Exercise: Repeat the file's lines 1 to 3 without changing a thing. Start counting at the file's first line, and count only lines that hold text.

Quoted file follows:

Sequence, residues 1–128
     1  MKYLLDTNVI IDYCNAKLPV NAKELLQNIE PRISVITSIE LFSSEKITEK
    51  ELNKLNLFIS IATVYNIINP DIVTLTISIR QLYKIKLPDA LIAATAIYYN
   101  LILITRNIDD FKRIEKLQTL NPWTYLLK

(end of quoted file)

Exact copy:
Sequence, residues 1–128
     1  MKYLLDTNVI IDYCNAKLPV NAKELLQNIE PRISVITSIE LFSSEKITEK
    51  ELNKLNLFIS IATVYNIINP DIVTLTISIR QLYKIKLPDA LIAATAIYYN